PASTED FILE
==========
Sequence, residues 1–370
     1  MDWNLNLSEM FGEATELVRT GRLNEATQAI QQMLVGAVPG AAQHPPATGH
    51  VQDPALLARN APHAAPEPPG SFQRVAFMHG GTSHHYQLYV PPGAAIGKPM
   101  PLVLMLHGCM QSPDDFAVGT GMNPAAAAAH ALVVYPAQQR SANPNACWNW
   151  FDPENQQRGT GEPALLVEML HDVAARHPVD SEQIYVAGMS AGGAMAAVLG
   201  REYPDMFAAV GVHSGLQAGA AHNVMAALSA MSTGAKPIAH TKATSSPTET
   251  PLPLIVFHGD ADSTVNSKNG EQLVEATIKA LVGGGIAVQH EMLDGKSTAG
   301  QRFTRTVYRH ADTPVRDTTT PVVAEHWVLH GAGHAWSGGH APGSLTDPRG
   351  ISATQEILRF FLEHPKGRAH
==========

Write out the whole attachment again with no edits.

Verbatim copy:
Sequence, residues 1–370
     1  MDWNLNLSEM FGEATELVRT GRLNEATQAI QQMLVGAVPG AAQHPPATGH
    51  VQDPALLARN APHAAPEPPG SFQRVAFMHG GTSHHYQLYV PPGAAIGKPM
   101  PLVLMLHGCM QSPDDFAVGT GMNPAAAAAH ALVVYPAQQR SANPNACWNW
   151  FDPENQQRGT GEPALLVEML HDVAARHPVD SEQIYVAGMS AGGAMAAVLG
   201  REYPDMFAAV GVHSGLQAGA AHNVMAALSA MSTGAKPIAH TKATSSPTET
   251  PLPLIVFHGD ADSTVNSKNG EQLVEATIKA LVGGGIAVQH EMLDGKSTAG
   301  QRFTRTVYRH ADTPVRDTTT PVVAEHWVLH GAGHAWSGGH APGSLTDPRG
   351  ISATQEILRF FLEHPKGRAH